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Shutdown: Day Four

Restless House Republicans look to Speaker Boehner for direction. The Hill: “House Republicans are gathering Friday to debate what their ask will be in the merging fights over the government shutdown and the debt ceiling. … They also admit they are forging ahead without a clear endgame in mind. “Everybody’s tried to envision one, but nobody has it yet,” said Rep. Mike Simpson (R-Idaho), an ally of Boehner. “Honestly, I don’t know what we’re going to do.”

Locked-Out Government Workers and Working Families to Rally at Capitol on Friday. “Locked-out federal employees will rally in front of the Capitol with members of the Congressional Progressive Caucus and supporters in various unions to stand up against the irresponsible House Republican shutdown of the country. The message of the rally is clear: We will not sit by while you hold the American people and our economy hostage. … Follow the action on Twitter using the hashtag: #standup2shutdown.”

Poor Families Taking a Hit From Government Shutdown. Time reports: “Though many of the programs that provide assistance to needy families and individuals like food stamps, Medicaid, and Medicare will continue running during the shutdown, the Supplemental Nutrition Program for Women, Infants, and Children (WIC) is barely holding on. … Fifty-three percent of all infants born in the U.S. rely on WIC, according to the National WIC Association and participants in some states have already faced the reality of going without the services.

Tales from the shutdown. NBC News: “From the tragic to the trivial, people are finding that a partially unfunded government is impacting them in ways they would never have expected.”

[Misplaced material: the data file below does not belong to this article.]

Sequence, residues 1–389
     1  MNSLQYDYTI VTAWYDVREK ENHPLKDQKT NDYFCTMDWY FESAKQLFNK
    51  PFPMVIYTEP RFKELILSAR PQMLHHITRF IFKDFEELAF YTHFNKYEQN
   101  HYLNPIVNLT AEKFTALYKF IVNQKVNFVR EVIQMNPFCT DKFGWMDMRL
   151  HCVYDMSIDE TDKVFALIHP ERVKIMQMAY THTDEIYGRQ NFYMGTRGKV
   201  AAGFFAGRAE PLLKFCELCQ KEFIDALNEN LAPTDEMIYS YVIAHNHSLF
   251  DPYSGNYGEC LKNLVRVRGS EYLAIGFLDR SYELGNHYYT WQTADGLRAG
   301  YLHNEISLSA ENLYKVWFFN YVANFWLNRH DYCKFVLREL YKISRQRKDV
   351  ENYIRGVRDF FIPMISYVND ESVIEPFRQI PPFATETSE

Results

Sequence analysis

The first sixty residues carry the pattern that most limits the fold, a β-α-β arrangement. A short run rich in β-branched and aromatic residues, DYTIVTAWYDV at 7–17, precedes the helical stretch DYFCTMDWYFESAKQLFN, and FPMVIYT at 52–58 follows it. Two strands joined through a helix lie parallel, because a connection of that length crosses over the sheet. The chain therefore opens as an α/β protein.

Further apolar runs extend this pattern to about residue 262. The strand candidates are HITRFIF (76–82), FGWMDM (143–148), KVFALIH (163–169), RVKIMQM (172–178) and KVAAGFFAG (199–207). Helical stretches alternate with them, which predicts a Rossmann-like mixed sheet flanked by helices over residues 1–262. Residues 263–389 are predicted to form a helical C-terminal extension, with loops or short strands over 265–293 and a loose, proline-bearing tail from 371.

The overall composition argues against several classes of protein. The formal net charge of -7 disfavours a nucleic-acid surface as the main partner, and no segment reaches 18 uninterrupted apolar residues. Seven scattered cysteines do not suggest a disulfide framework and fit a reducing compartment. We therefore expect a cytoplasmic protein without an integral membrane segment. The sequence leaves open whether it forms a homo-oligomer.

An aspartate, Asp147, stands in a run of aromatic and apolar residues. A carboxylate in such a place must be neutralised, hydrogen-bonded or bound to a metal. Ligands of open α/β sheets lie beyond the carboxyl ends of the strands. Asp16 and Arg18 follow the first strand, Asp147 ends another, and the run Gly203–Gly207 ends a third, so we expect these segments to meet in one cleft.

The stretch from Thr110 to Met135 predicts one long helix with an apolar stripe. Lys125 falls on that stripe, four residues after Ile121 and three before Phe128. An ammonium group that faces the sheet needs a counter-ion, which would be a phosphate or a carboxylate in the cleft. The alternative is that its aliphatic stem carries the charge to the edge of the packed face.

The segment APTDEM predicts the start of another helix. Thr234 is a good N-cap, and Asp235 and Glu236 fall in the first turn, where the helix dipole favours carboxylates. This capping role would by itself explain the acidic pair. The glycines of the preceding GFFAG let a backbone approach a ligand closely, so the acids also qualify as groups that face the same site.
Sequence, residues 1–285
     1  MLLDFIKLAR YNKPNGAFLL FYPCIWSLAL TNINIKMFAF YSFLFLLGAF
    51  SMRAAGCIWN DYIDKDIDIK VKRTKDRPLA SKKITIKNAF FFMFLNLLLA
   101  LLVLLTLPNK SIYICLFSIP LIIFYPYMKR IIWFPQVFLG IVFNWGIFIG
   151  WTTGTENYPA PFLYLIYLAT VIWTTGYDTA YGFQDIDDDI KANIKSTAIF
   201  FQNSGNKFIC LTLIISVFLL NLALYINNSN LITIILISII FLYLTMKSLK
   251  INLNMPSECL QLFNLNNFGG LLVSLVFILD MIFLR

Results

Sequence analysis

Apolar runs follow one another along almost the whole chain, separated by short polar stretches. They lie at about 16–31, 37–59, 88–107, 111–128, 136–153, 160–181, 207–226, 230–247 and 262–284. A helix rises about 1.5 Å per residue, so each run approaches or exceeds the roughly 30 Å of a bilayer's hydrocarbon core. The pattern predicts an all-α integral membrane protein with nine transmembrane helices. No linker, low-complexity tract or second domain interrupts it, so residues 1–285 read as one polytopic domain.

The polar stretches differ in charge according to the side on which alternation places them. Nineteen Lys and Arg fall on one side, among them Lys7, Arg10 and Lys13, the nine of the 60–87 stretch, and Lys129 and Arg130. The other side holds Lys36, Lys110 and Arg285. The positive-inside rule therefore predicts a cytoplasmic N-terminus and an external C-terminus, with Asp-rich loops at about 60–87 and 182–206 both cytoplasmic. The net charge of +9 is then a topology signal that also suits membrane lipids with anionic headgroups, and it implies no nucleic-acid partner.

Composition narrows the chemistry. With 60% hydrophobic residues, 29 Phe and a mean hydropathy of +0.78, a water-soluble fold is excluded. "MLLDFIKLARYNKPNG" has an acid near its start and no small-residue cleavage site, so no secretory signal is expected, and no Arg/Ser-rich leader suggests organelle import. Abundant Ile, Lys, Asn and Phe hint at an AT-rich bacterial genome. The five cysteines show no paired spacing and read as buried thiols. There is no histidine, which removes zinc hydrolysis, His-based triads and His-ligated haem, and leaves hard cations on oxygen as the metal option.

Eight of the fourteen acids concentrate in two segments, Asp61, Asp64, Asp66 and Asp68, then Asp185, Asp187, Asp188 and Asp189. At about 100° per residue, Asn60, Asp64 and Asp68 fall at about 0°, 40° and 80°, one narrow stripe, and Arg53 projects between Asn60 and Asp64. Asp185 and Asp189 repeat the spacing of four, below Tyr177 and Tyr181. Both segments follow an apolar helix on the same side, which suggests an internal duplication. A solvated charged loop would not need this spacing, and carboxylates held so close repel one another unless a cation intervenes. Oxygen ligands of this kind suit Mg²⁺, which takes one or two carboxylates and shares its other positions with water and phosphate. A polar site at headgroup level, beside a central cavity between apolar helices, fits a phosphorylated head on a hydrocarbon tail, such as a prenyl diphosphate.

Pork sellers find they need government after all. “Brian Duncan, a 49-year-old hog farmer in Polo, Illinois, … relies on U.S. Department of Agriculture commodity data to price his hogs. That information flow has been cut off with the partial shutdown of the federal government. … “Everyone in the food chain relies on the government to be an unbiased source of prices,” said Duncan, who sells 50,000 pigs a year to meat packers, including Tyson Foods Inc. (TSN), Smithfield Foods Inc. and Cargill Inc. “We have no clue what the price of hogs is or the price of the pork.””

Here’s one way to end the stalemate. Bruce Ackerman and Ian Ayres write in a Los Angles Times op-ed: “House rules give the majority a way to take this decision out of Speaker John Boehner’s hands. By signing a “discharge petition,” 218 members can force a bill onto the floor for a decisive vote. The critical date is Oct. 14, because discharge petitions can be presented only on the second and fourth Mondays in a month. That’s three days before the government runs up against the debt limit.”

Defending the role of government as Republicans fan the shutdown flames. Michael Merrill, The Harry Van Arsdale Jr. Center for Labor Studies, writes on EconoMonitor: “According to the conventional wisdom, government is a burden that ought to be avoided rather than an advantage that ought to be embraced. … The theory of modern money puts all this in a different light. Government, it helps us to see, does not just incur costs that are properly minimized. It also confers benefits that [are] properly maximized. In other words, while government can be a problem, it can also be the solution. … To put the point differently, government is not a wealth taker. It is a wealth maker. What’s more, the wealth it makes is not just its own. Generally speaking, people create much more wealth with the aid of government than they do without it. We don’t first become rich and then decide to form a government. First we form governments. Then and only then can we become rich.”

Health Care Reform Continues, Unstopped

Paul Krugman: “Reform Turns Real”: “It’s long been clear that the great fear of the Republican Party was not that health reform would fail, but that it would succeed. And developments since Tuesday, when the exchanges on which individuals will buy health insurance opened for business, strongly suggest that their worst fears will indeed be realized: This thing is going to work.”

People Are Calling This Obamacare Insurance Exchange in Tears. Bloomberg Businessweek interviews Kevin Walsh at a Nevada health care exchange. “Walsh said that in the first few hours “it was just raw emotion calling in.” People eager for insurance, at times in tears, wanted to get coverage that they didn’t have before. “They were calling up saying, ‘Can I get my coverage today so I can see my doctor this afternoon?’” he says.”